Some of the bazillion MMA commentators in cyber space bellyached a bit when Invicta announced that last night’s event would be put on internet pay per view, after the previous events had been offered for free. As with most other things MMA-related, most of these commentators touted their invisible MBA degrees and claimed that the decision was a horrible business decision that would lead to lost fans, no one watching the event, and the city of Kansas City burning down.
It looked for a while on Saturday night that these naysayers would come out in the right, as the Ustream pay per view technology had more problems than me trying to get a date with Invicta commentator Julie Kedzie. Throughout the early goings of the show, Twitter was a’Tweeting with all sorts of stories of people not being able to pay for the event, or being able to pay for the event and not getting anything on the stream. I was in the former category. I attempted to purchase the pay per view, but the stream was not willing to accept my money. If only the women in my life would be so kind.
And, honestly? With playoff football on television, I wasn’t in the mood to sit around the computer all night hoping for a resolution, so I moved on. Quite frankly, I was all ready to wake up this morning and write a blog about how disastrous the decision to go to pay per view with an unreliable distributor, and how it may have cemented Invicta’s place in the MMA hierarchy as a second-rate company.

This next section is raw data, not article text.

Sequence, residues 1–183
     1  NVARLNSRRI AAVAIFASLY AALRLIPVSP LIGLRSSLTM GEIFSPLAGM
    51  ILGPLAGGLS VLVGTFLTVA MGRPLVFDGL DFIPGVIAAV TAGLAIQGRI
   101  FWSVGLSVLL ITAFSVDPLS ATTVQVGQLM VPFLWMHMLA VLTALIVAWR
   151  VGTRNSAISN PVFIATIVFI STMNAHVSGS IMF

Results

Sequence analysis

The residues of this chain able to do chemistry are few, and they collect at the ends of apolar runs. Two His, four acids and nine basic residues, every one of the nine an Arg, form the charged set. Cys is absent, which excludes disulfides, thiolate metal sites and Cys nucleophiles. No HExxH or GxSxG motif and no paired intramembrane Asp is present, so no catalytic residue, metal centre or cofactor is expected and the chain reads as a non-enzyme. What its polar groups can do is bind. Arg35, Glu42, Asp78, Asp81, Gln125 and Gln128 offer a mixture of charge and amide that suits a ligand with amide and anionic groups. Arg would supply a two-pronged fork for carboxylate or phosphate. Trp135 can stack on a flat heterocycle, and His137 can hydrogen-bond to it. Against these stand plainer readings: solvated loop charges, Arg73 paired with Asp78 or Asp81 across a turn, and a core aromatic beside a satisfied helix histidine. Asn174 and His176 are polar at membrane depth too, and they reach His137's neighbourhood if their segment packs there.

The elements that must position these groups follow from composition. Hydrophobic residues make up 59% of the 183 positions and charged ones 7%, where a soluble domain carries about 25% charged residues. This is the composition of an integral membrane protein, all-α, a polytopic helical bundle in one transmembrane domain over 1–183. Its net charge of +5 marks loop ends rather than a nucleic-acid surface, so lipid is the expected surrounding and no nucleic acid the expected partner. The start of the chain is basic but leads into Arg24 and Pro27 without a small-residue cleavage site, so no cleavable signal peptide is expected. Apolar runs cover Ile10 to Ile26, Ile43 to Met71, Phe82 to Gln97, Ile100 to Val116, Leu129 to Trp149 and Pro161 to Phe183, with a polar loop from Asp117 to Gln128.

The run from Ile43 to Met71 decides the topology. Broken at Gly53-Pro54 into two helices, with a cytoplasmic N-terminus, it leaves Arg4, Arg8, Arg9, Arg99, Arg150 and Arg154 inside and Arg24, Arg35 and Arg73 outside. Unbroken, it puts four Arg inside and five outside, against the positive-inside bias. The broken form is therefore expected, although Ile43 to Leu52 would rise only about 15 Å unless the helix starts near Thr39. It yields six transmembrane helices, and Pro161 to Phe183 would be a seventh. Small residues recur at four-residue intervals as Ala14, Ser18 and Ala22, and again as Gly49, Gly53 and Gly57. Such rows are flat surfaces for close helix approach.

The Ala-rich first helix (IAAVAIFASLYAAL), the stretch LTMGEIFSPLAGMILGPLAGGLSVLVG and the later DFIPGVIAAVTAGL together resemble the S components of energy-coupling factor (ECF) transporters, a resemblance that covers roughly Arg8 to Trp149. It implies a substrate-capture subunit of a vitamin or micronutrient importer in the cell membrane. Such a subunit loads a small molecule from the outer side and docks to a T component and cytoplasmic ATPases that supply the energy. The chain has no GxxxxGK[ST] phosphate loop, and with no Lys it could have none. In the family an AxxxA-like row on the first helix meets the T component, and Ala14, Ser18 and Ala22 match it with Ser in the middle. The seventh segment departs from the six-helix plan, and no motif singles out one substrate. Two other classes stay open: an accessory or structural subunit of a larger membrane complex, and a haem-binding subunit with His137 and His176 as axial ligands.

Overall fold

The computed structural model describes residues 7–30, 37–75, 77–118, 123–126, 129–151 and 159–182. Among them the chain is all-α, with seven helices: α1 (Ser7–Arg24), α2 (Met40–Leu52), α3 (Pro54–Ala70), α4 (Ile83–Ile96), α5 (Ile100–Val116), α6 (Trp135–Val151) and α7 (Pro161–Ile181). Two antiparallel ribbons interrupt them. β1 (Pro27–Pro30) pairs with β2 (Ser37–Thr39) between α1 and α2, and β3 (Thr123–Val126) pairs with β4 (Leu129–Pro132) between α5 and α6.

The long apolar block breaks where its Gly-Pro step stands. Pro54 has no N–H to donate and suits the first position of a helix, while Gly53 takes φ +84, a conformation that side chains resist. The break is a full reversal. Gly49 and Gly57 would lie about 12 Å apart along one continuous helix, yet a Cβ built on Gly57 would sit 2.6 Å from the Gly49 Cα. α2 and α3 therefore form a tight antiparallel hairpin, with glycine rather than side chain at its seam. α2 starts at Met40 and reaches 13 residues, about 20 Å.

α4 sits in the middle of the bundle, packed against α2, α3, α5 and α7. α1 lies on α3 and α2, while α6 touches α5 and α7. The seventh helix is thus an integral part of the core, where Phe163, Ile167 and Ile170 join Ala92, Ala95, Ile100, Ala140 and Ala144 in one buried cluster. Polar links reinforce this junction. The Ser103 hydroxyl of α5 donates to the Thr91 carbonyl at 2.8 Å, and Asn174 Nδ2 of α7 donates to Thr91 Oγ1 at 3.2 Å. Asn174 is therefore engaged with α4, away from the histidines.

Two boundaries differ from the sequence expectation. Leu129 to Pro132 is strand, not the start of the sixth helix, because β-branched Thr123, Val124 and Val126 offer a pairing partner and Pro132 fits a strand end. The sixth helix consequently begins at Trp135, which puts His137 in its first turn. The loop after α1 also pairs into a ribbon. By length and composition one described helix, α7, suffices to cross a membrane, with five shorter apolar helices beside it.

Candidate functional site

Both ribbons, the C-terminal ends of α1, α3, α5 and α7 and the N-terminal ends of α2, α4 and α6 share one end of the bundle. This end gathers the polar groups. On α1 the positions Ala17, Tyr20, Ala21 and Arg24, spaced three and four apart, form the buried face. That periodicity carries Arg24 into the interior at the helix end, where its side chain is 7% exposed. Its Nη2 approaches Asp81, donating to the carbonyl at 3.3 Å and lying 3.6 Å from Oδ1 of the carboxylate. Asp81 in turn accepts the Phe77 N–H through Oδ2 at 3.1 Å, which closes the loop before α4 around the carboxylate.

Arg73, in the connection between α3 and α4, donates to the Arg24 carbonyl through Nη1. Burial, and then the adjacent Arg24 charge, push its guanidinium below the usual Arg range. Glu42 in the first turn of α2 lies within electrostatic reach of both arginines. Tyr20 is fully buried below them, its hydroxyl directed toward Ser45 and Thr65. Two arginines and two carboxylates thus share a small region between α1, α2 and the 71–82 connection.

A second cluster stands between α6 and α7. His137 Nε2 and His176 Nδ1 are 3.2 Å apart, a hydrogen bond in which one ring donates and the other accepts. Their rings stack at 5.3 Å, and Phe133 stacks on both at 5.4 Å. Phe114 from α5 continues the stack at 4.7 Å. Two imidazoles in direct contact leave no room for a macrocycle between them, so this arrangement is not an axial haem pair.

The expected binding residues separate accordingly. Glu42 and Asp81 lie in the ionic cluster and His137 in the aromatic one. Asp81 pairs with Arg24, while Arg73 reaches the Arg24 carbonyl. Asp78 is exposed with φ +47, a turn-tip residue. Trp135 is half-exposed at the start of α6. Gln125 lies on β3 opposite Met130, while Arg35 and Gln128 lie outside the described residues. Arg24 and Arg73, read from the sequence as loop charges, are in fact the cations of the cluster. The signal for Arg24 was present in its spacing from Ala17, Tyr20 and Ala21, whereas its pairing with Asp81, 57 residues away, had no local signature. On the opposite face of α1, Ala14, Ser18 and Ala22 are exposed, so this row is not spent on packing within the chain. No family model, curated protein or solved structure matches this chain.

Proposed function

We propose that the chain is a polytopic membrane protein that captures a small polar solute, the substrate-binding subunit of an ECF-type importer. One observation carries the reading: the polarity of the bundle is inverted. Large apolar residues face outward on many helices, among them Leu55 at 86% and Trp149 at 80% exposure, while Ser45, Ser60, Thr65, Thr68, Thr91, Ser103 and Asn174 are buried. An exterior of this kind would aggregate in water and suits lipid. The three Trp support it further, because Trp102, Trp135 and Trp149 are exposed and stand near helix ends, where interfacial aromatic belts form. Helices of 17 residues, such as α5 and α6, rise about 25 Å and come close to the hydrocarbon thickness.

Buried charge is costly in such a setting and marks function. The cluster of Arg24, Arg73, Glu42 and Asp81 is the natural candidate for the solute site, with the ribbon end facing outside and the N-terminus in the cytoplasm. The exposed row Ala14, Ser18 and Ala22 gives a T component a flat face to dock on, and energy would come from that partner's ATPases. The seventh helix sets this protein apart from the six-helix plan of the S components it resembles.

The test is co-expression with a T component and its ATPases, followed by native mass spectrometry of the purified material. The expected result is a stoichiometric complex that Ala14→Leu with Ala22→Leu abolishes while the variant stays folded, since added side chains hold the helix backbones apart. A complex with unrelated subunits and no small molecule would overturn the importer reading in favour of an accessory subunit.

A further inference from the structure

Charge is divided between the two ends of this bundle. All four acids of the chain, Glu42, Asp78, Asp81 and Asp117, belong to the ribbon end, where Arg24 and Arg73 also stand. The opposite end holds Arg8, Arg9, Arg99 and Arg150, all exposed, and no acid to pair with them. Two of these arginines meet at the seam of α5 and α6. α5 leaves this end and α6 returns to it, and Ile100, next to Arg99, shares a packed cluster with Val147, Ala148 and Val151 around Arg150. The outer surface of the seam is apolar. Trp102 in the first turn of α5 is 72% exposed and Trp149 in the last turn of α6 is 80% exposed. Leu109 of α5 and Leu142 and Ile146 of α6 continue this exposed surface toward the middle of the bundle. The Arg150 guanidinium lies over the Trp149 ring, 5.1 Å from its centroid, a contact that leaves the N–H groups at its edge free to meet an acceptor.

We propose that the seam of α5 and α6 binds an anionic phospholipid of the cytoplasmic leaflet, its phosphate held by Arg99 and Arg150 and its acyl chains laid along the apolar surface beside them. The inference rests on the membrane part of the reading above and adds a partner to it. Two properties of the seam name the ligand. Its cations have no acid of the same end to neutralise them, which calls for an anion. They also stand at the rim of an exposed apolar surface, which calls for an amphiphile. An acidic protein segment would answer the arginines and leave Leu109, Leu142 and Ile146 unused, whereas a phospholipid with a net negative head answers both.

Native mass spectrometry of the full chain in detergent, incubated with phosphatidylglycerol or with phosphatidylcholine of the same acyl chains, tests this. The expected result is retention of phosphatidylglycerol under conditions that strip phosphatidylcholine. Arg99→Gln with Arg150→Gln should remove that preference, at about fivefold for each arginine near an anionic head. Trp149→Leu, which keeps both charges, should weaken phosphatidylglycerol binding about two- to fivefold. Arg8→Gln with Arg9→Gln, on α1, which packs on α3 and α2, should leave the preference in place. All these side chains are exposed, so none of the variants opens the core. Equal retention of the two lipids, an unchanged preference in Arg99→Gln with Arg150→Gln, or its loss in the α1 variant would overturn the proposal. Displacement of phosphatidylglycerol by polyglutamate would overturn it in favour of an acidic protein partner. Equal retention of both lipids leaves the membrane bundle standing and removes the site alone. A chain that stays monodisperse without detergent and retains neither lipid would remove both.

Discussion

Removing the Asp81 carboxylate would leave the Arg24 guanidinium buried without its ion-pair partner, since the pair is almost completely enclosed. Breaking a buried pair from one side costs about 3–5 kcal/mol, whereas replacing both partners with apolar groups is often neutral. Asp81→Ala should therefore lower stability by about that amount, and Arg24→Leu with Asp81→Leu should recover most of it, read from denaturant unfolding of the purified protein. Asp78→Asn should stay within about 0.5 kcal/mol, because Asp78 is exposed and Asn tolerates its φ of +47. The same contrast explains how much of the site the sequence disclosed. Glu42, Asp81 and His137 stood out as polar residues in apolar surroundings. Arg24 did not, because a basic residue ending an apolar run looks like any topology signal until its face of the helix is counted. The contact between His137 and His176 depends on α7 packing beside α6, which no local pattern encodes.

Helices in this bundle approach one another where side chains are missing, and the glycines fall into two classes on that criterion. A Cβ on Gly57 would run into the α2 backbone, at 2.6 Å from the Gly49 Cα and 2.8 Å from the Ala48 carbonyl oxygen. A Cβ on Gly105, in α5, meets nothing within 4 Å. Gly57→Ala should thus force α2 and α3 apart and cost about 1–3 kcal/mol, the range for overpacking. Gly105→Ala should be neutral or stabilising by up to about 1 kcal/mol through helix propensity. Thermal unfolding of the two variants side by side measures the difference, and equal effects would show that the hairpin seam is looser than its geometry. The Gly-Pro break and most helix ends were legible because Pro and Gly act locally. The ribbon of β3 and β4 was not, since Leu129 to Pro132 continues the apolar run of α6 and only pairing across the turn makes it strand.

That blog is not to be however, as Invicta made the best of the otherwise terrible situation. When the company found out about the issues with the stream and could not get into contact with anyone that could provide a proper resolution, president Shannon Knapp made a tough call. She brought down the pay wall, made the event free, and instructed that Ustream provide a refund to anyone that purchased the event.
From a dollars and cents position, the decision had to be tough, as not coming up with a resolution obviously caused the promotion to lose out on many eight dollar payments (including my own). In addition, it has to be a shot to Invicta’s pride, as the people who said they shouldn’t have charged for the event were proved somewhat right, even if for different reasons. Finally, as Ben Fowlkes explained, the company was planning on using the pay per view data to assess its core audience for purposes of a TV deal. No way that’s going to happen now.
But that’s not the takeaway here. I think the focus has to be on the fact that Invicta made the best decision for its fans, and made the event free. The company could very well have went on, pointed the finger at its internet stream provider, and looked to deflect any complaints. Instead, Invicta owned the issues, tried its best to resolve them and, when it couldn’t, bit the bullet and did what it had to in order to prevent its fans from shelling out $8 for an inferior technological product.
I think undoubtedly the night proved that Invicta cares more about its fans being delivered a good product than it does taking those fans’ money. And that is more than can be said for a lot of the big dogs out there at times. Plus, after seeing a replay of the event, I can confirm that it was a pretty awesome show. I just hope that other fans had more patience than I did and stuck with things until the show was made free.
And the city of Kansas City is still standing!